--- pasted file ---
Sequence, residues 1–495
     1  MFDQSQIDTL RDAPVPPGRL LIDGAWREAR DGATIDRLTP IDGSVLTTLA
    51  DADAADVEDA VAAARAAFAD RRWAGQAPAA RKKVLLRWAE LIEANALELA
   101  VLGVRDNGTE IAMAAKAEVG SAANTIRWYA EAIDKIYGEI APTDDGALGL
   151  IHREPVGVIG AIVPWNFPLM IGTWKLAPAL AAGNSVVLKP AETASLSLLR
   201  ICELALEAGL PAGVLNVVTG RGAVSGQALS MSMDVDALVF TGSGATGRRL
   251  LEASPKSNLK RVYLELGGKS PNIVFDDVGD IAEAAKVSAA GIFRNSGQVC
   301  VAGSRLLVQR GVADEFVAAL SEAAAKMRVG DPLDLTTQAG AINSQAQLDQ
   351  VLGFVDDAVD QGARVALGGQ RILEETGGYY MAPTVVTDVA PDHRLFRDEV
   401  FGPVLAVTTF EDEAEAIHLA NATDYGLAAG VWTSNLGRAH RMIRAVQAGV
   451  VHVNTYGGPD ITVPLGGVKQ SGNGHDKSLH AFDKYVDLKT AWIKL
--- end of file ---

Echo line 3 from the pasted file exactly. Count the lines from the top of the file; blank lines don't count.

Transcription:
    51  DADAADVEDA VAAARAAFAD RRWAGQAPAA RKKVLLRWAE LIEANALELA